Google Maps launches virtual travel to planets and moons

Optimists would have you believe that humans will set foot on Mars within 20 years. But even if it happens that soon, the financial and opportunity costs of such a mission would put it out of reach for the vast majority of Earthlings.

But as of this week, anyone with a computer and internet connection can take a fairly fascinating journey to more than a dozen planets and moons.

Using hundreds of thousands of images captured by the Cassini spacecraft, Google has just launched a new feature on Maps that allows users to virtually explore the red planet, Venus, Mercury, Pluto and 10 moons (beside our own).

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“Explore the icy plains of Enceladus, where Cassini discovered water beneath the moon’s crust — suggesting signs of life. Peer beneath the thick clouds of Titan to see methane lakes,” Google said in announcing the feature.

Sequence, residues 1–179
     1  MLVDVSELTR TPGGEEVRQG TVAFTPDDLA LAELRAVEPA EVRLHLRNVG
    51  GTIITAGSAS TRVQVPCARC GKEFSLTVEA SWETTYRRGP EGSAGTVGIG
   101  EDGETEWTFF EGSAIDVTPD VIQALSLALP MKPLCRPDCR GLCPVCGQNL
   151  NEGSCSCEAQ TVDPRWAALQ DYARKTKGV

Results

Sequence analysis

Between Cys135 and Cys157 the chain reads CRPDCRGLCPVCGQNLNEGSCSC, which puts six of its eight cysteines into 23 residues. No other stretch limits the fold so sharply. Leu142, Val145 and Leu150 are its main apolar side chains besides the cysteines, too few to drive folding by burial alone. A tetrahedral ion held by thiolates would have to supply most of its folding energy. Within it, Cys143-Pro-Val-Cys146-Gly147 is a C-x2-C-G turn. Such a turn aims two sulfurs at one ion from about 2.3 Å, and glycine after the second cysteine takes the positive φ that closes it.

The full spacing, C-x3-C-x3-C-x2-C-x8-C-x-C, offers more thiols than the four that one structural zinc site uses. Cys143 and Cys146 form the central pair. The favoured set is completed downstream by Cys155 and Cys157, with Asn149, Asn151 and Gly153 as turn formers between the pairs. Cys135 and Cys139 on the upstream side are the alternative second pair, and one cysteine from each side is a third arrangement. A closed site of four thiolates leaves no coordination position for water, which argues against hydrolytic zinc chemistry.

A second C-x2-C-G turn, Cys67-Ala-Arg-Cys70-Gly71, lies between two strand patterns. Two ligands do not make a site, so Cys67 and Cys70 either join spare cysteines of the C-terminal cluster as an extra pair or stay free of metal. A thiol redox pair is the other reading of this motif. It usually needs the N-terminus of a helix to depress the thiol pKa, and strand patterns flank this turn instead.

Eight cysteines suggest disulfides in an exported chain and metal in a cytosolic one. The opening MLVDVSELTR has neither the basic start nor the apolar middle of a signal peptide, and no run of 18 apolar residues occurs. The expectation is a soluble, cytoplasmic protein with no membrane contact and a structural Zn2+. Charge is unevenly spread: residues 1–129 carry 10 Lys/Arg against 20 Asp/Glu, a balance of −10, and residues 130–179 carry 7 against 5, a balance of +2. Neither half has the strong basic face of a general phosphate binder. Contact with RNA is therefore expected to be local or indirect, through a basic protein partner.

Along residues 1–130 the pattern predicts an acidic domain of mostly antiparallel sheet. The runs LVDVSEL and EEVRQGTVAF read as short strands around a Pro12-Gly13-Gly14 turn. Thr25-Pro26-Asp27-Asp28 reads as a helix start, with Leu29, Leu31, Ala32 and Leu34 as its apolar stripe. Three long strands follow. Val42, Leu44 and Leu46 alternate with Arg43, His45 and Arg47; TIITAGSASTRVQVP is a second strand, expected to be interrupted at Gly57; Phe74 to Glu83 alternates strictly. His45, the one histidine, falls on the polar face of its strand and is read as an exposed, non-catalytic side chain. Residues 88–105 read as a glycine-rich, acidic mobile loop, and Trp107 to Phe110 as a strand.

“Inspect the massive crater of Mimas — while it might seem like a sci-fi look-a-like, it is a moon, not a space station.”

Cassini was launched in 1997, and made its way around our solar system until NASA sent it to its death in September, when it was pointed toward Saturn so it would be destroyed in Saturn’s atmosphere.

But why, after doing unprecedented work on behalf of science (and, it turns out, Google users), did Cassini have to die?

Rumor had it that the spacecraft was out of fuel, but that’s not true, according to a PBS report. Instead, it was a matter of avoiding interplanetary contamination and satisfy the space agency’s Office of Planetary Protection. This office is dedicated to safeguarding “our ability to study other worlds as they exist in their natural states” and to avoiding “contamination that would obscure our ability to find life elsewhere,” PBS reported.

And there’s a closer-to-home reason for Cassini’s enforced demise: bring such a craft back to Earth after visits to other worlds, and the next thing you know all life on Earth is extinguished by an alien virus.


Image: Artist’s rendering of the Cassini spacecraft with Saturn (NASA/Jet Propulsion Laboratory)


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